It is no surprise that they both went on to the Mercury Theater on the Air. Orson assembled some great talent there, like Joseph Cotton, Hans Conreid, and Vincent Price, among others.

OTR BUFFET – Is there a favorite episode you have and why?

I have a few from Orson’s era. They are all very different and each has a very unique feel.

Aboard The Steamship Amazon. The Shadow stops explosive smugglers aboard a luxury liner.

The White God. A madman enslaves the natives of a Pacific island and sets himself up as a god. He uses a giant magnet inside a volcano to cause airplanes to crash.

The Tenor with the Broken Voice. A crazed opera singer who lost his voice kills the singers who replaced him while they sing onstage.

Just by coincidence, these are all from the syndicated Goodrich-sponsored 1938 summer season. The Shadow would get involved in the commercials, intoning how Goodrich tires kept you from swerving off the road in bad weather. The Shadow almost never got involved in other commercials.

OTR BUFFET – There are many episodes in the series that are very hard to listen to because of horrible sound. Do you skip those or do you try and listen to them anyway?

It takes a lot to make me skip an episode of any show, but I’ll put up with more for a show I really enjoy like The Shadow. I prefer it when OTR is not pristine. A little hiss and some crackle add to the enjoyment. In my mind, especially the farther back you go, a great many people heard OTR that way. The technology just wasn’t that good yet. It may or may not be true, but I feel it is more authentic that way. Perfectly crisp and clean OTR sounds too new for my taste. The only way I give up on an episode is if it is simply unlistenable.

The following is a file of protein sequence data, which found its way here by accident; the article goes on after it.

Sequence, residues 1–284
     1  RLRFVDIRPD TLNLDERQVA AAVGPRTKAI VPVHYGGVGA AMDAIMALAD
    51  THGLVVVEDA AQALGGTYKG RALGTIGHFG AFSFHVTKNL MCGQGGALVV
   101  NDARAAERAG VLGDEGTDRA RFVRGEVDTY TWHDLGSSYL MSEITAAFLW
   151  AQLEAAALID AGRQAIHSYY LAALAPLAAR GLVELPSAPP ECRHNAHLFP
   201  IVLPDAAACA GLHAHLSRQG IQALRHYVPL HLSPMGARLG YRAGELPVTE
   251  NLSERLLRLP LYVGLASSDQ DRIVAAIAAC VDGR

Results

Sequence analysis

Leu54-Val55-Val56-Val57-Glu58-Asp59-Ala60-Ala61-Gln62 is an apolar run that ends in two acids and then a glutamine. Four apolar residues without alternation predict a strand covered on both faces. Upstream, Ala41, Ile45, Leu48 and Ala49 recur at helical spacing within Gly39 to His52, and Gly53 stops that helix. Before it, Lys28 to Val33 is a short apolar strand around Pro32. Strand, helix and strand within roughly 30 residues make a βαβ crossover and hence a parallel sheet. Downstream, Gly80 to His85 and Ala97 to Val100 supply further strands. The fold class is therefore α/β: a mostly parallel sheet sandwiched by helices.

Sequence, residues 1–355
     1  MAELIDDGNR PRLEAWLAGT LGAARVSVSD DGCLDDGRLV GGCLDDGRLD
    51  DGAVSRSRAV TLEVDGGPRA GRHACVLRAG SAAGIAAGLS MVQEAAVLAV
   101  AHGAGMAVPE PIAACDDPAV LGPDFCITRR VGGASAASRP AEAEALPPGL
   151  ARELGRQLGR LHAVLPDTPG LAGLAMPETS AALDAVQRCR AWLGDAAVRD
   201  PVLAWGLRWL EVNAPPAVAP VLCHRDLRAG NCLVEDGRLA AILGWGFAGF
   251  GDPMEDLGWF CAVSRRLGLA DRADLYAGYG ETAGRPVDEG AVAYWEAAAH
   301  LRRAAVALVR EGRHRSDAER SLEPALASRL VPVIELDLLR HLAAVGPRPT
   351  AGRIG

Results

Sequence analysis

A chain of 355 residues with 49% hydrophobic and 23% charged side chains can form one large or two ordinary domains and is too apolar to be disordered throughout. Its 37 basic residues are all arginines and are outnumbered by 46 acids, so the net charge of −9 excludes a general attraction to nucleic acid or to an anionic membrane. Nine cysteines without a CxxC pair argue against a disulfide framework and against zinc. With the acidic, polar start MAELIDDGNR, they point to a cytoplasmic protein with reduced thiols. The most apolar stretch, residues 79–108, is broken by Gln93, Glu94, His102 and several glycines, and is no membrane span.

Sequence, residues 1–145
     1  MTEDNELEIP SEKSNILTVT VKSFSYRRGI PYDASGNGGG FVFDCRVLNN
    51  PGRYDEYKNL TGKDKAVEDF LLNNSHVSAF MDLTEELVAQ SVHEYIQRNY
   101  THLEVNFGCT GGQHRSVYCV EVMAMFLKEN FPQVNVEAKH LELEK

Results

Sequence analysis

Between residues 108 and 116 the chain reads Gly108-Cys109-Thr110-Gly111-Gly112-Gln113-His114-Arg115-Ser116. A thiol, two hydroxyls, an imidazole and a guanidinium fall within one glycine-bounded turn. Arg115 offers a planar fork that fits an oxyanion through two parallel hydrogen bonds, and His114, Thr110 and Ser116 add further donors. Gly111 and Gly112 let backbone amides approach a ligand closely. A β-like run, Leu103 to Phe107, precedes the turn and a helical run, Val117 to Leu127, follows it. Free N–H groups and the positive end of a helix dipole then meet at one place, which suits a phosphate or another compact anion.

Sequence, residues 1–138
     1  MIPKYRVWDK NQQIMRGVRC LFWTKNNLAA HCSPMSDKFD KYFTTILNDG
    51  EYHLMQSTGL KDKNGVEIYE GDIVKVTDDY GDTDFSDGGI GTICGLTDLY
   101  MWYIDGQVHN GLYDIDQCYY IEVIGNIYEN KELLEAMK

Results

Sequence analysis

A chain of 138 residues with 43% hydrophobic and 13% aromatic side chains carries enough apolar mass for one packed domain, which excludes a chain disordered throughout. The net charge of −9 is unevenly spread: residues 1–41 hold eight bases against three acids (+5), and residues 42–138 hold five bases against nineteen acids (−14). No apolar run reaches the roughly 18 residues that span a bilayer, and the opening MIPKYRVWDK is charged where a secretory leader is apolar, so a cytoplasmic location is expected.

OTR BUFFET – Can you think of any performances on radio, TV or film that seem to have been inspired by Welles’ portrayal of the Cranston/The Shadow combo?

The Avenger was a very thinly disguised knock-off of The Shadow, virtually a copy. It only ran for 26 episodes. It wasn’t a bad show, but because it sounds so much like The Shadow it just comes across like a poor imitation.

The Green Hornet is similar to The Shadow in that Britt Reid was cut from the same cloth as Cranston, a kind of wealthy playboy. The only difference was that he had a job running a newspaper, but even so, he was the young, single, rich owner. Even Batman, with his dark cape and penchant for staying the shadows owes a debt here as well. There is an issue of Batman from the 1970’s (#253) when DC owned the rights to The Shadow where the two characters met. Batman and said that The Shadow was one of his inspirations to become a crime fighter. Batman comics from the 1970’s are very much like the mysterious Shadow of the Orson Welles era, very dark and mysterious, often with a gothic feel and a seemingly supernatural menace.

I’m sure there are a whole slew of slouch hat-wearing mystery men who owe something to The Shadow.

OTR BUFFET – How do you rank Welles and Moorehead as far as radio/film actors go?

I believe that one of the problems with actors today is that they didn’t work in radio. Radio forces actors to emote and use their voices in ways that they don’t need to in movies or television. I think that working in radio helps you understand acting differently. Of course that doesn’t mean that radio actors make the best movie stars. Visually, there are tons of non-verbal acting dynamics to master as well. And of course in radio you get to hold the script while you work!

Take Agnes Moorehead in The Twilight Zone episode The Invaders. Now take everything I said about radio acting and forget it. She is entirely silent throughout the episode. Clearly she has mastered the art of acting from every angle. People who only know her as Endora in Bewitched need to see her in The Magnificent Ambersons or Hush… Hush, Sweet Charlotte. She had four Oscar nominations in her career.